Outbreaks of a mysterious and deadly disease in central China have been linked to a previously unknown virus. Five years ago, large numbers of farmers in central China began falling victim to an mysterious disease marked by high fever, gastrointestinal disorder and an appalling mortality rate -- as high as 30 percent in initial reports.
Investigators from the Chinese Center for Disease Control and Prevention hurried to the scene of the outbreak. On the basis of DNA evidence, they quickly concluded that it had been caused by human granulocytic anaplasmosis, a bacteria transmitted by tick bites.
Now, though, subsequent studies have shown that original conclusion was incorrect, and that a previously unknown and dangerous virus has been responsible for seasonal outbreaks of the disease in six of China's most populated provinces.
"We expected to find a bacterial infection behaving in an unexpected way -- human anaplasmosis has a less than one percent fatality rate in the U.S., and it rarely causes abdominal pain or vomiting or diarrhea," said Dr. Xue-Jie Yu of the University of Texas Medical Branch at Galveston, lead author of a paper on the discovery now appearing in the "online advance" section of the New England Journal of Medicine. "Instead, we found an unknown virus."
Researchers have dubbed the newly discovered pathogen Severe Fever with Thrombocytopenia Syndrome virus, and placed it in the Bunyaviridae family, along with the hantaviruses and Rift Valley Fever virus. Later investigation has placed its mortality rate at 12 percent, still alarmingly high.
Yu, a specialist in tick-borne bacteria like the species responsible for HGA, first suspected that a virus might be responsible for the outbreaks after close examination of patients' clinical data showed big differences from symptoms produced by HGA, and blood sera drawn from patients revealed no HGA or HGA antibodies.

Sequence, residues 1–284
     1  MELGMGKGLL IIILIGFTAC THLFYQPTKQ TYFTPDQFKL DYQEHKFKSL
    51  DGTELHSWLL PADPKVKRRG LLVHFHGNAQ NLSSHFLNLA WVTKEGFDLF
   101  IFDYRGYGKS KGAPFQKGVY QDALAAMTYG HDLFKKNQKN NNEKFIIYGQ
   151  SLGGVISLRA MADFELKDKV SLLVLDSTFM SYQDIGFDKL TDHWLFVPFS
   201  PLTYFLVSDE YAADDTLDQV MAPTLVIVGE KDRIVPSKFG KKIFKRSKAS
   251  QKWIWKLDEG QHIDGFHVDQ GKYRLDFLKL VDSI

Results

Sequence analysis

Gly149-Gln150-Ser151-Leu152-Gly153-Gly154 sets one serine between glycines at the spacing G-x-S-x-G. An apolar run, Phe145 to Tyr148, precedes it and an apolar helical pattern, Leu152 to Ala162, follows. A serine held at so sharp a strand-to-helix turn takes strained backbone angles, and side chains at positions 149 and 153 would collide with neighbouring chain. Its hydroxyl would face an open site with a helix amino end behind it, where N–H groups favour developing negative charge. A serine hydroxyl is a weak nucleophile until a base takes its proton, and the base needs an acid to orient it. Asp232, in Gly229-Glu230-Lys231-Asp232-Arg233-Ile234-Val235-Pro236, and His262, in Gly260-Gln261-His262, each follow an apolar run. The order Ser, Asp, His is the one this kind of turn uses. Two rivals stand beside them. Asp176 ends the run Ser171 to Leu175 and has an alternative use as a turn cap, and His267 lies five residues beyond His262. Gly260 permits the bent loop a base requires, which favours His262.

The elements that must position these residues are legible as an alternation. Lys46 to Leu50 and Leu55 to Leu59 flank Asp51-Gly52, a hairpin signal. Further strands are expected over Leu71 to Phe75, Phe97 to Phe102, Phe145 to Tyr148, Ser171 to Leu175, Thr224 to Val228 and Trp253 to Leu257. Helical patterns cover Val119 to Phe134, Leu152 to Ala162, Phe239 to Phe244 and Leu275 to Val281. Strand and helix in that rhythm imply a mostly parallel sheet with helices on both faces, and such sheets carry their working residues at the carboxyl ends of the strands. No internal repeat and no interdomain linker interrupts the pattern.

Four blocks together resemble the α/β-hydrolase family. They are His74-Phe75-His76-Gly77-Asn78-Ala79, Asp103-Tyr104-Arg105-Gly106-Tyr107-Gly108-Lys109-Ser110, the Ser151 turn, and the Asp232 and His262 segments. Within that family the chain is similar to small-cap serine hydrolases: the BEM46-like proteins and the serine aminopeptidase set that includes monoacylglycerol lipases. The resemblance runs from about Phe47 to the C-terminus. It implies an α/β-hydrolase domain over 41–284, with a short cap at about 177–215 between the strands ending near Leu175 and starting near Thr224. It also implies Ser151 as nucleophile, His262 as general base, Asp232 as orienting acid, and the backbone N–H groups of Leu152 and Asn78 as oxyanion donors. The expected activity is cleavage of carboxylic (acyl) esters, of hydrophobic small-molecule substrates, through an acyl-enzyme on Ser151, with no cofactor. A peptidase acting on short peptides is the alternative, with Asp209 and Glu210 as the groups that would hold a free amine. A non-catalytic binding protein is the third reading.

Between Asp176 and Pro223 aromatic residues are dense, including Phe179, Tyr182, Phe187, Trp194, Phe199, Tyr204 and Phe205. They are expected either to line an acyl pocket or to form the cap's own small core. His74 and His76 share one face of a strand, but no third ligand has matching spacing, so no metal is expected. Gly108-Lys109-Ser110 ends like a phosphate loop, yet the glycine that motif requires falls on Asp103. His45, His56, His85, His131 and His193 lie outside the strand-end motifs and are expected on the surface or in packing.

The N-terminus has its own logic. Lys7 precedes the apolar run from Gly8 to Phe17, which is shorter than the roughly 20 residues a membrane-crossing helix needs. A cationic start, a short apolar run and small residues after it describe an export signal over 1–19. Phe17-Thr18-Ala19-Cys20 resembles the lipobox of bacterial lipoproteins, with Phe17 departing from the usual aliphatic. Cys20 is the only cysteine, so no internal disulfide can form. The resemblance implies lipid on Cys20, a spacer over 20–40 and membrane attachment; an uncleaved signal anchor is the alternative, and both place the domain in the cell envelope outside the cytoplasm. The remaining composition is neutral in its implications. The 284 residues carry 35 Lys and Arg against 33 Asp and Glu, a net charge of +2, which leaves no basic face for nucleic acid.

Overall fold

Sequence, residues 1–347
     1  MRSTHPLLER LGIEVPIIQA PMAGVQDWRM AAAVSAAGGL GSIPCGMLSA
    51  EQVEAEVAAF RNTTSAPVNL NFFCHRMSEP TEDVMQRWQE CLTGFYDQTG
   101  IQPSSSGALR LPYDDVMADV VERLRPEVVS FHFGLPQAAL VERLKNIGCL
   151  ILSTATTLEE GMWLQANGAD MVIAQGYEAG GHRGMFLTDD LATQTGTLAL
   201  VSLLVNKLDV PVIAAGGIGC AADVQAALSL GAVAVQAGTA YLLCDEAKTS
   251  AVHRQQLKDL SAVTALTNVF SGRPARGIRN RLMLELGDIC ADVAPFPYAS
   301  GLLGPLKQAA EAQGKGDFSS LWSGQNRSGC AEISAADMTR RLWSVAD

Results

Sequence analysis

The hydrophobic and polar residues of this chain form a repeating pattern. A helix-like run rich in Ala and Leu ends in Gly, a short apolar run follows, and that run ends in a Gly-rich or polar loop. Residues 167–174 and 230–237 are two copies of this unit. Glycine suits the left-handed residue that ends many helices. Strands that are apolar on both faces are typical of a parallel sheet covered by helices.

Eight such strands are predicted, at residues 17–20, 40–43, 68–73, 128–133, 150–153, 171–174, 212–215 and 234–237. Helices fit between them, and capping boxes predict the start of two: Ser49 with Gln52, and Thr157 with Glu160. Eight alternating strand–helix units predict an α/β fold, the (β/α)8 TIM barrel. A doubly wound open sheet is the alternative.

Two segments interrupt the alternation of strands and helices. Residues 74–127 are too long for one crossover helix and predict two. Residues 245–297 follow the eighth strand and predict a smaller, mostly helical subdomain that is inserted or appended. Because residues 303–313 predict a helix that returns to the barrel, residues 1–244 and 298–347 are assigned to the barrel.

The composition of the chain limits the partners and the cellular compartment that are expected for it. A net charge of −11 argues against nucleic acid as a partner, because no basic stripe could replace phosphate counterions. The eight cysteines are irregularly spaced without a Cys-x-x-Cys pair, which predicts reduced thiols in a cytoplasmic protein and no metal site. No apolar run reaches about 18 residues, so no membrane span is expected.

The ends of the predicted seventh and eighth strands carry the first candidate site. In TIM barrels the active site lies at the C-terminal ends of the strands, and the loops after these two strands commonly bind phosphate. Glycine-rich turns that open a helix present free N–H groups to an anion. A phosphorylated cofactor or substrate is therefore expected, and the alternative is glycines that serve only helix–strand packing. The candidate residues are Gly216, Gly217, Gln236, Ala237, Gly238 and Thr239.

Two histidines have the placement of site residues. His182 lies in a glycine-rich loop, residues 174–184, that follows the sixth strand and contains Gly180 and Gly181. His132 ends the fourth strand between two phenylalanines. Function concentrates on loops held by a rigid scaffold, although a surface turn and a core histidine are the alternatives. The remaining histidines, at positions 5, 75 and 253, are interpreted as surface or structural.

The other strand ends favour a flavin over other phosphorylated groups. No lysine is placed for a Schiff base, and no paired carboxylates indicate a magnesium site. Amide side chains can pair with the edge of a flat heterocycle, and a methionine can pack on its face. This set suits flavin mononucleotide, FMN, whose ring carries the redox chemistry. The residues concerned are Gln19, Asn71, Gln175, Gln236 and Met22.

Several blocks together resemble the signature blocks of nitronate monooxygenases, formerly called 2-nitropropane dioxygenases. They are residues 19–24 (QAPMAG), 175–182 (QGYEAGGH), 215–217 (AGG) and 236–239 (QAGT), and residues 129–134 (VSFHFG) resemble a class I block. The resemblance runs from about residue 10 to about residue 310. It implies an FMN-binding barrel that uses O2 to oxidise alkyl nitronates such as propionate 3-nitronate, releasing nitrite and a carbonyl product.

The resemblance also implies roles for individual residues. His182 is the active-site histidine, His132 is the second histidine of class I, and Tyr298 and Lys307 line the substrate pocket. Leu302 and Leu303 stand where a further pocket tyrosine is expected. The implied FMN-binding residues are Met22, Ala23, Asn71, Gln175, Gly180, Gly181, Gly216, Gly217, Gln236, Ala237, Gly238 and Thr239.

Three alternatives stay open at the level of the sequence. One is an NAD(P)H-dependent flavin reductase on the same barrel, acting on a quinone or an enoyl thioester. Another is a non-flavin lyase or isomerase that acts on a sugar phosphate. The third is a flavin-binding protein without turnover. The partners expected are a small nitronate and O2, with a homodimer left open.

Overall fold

Yu became certain that a virus was at fault after sera taken from patients retained its ability to kill cells, despite being passed through a filter that blocked all bacteria. Still, initial genetic tests failed to generate a match with a known pathogen.
"Clearly, we had a virus, but what virus?" Yu said. "I told the people I was working with that they needed to be even more careful, because we were working with an unknown."
That caution seemed appropriate when electron microscope studies of deactivated virus particles revealed what appeared to be a hantavirus -- associated in Asia with hemorrhagic fever and in the Americas with a deadly pulmonary syndrome. But when Yu and his colleagues managed to extract the virus' entire genetic code, they found that it didn't match any other known virus.
When researchers from the Chinese Center for Disease Control and Prevention led by study author Dr. Yu Wang analyzed sera taken from 241 symptomatic patients from Henan, Hubei, Shandong, Anhui, Jiangsu and Liaoning provinces, they found 171 contained either the previously unknown virus itself or antibodies against it. In addition, the scientists found the virus in 10 out of 186 ticks collected from farm animals in the area where the patients lived.
"This seems to be a tick-borne disease, and the disease comes out when the ticks come out, from late March to late July," Yu said. "Fortunately, even though the full life cycle is not clear, we know that for the virus humans are a dead end -- we don't have human-to-human transmission as we did with SARS."
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